How to Build a Website in 5 Steps (CHE)

Josh Boldt

February 2, 2015

[full piece here.]

I spend most of my life online. My work revolves around my ability to cultivate a strong digital presence and, frankly, I spend a good deal of my leisure time surfing the web as well. So it’s really important that I’m able to direct and manage my digital footprint.

Kelli Marshall nailed this topic in a recent Vitae piece in which she laid out a solid plan for taking charge of your online presence. I want to expand on one part of her plan — not only because I think it’s vital, but also because I happen to think it’s fun. She wrote about the importance of having a website so we can control the primary narrative of our web lives. Building a site with a URL that corresponds with your actual name will almost certainly ensure that Google will display your site first in the search results of those who look you up.

Now if you’re anything like I was five years ago, you don’t have the first clue about how to build your own website. I wanted one but I didn’t even know where to begin. As Kelli mentions in her piece, it’s actually pretty easy to build a basic website these days with a template from a company like WordPress. But even that process can be confusing for someone with no previous knowledge of how the web works. You might know theoretically how to change the oil in your car, but actually crawling under the chassis and loosening the plug from the oil pan is another story.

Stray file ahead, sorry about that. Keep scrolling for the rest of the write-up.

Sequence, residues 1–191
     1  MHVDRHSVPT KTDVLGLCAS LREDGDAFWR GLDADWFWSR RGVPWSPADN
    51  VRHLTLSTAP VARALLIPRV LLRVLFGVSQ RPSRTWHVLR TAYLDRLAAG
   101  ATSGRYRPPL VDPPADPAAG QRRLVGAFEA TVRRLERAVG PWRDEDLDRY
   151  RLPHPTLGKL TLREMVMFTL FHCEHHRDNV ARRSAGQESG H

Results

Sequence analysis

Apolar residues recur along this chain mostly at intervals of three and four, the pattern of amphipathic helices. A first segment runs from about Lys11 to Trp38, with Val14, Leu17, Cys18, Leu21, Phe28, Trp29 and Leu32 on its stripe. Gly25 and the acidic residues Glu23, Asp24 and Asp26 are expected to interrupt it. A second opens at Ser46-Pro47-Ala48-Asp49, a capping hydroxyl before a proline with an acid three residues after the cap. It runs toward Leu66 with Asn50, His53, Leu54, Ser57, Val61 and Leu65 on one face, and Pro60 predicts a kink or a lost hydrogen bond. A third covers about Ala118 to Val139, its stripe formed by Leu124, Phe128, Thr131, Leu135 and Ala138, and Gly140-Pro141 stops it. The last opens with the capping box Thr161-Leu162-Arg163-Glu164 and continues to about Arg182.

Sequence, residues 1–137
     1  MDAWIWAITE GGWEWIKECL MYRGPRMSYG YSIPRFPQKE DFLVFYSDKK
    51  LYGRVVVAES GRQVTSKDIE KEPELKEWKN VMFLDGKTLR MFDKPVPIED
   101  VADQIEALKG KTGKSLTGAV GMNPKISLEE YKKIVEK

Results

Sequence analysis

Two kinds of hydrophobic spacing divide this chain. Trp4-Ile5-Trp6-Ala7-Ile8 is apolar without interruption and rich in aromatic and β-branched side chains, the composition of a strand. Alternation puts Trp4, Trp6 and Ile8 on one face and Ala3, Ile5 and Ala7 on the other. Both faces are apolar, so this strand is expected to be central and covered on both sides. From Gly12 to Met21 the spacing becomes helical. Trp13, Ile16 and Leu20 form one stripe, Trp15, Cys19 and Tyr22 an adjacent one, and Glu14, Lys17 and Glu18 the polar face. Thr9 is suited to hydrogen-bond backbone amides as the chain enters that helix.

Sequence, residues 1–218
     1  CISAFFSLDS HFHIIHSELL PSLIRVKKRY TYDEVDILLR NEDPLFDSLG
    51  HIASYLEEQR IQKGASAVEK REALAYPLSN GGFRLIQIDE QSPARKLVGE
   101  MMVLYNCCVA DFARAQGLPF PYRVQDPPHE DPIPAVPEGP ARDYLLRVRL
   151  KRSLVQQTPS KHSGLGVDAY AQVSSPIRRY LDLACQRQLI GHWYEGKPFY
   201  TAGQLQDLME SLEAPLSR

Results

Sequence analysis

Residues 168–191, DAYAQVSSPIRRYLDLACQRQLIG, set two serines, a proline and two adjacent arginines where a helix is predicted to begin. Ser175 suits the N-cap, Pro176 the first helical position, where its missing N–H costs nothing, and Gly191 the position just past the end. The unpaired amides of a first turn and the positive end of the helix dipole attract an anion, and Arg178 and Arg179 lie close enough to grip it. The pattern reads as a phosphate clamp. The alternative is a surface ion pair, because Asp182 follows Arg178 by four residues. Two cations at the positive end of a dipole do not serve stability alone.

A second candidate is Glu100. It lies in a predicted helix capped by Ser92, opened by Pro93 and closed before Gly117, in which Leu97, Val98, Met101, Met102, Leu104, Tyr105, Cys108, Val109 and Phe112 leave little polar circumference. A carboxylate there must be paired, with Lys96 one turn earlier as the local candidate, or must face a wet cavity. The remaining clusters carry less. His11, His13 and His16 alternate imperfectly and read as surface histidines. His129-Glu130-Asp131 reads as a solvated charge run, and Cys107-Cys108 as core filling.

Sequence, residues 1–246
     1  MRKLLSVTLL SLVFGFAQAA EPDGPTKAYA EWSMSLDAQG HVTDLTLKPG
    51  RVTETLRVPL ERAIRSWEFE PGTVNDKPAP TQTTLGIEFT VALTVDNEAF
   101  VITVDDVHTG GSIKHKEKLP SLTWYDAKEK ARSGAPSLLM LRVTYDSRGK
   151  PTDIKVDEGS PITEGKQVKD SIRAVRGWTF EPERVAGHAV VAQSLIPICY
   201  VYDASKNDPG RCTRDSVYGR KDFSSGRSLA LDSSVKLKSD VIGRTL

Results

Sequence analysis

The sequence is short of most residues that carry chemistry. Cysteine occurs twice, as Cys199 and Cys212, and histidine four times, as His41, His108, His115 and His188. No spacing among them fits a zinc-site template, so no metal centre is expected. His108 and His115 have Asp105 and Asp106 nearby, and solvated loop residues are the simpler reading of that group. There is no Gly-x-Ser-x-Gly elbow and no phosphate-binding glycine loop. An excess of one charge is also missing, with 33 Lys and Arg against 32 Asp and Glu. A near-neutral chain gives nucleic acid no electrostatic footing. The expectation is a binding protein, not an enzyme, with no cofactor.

So without further ado, here is a quick five-step plan that even the least web-savvy can follow to build a site from scratch.

As Kelli mentioned, there are several platforms from which to choose. Some of the best known are WordPress,Blogger,Squarespace,Tumblr, and Weebly. Feel free to explore them all. But my advice: Go with WordPress. The WordPress platform will give you more options than Squarespace and allows you to create a better-looking website than Blogger or Weebly. Tumblr is cool, but not the best option for a professional website.

About Ryan C. Fowler

Ryan is a curricular fellow at the Center for Hellenic Studies in Washington D.C. He also teaches at Franklin and Marshall College and Lancaster Theological Seminary.
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